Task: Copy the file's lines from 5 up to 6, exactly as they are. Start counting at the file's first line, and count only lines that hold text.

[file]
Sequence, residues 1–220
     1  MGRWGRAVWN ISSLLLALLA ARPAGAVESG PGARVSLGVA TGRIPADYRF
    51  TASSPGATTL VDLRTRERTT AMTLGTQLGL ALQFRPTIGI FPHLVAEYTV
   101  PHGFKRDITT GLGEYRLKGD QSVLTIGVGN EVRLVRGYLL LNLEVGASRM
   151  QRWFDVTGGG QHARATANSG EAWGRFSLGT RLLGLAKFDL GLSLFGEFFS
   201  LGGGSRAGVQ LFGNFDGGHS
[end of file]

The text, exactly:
   151  QRWFDVTGGG QHARATANSG EAWGRFSLGT RLLGLAKFDL GLSLFGEFFS
   201  LGGGSRAGVQ LFGNFDGGHS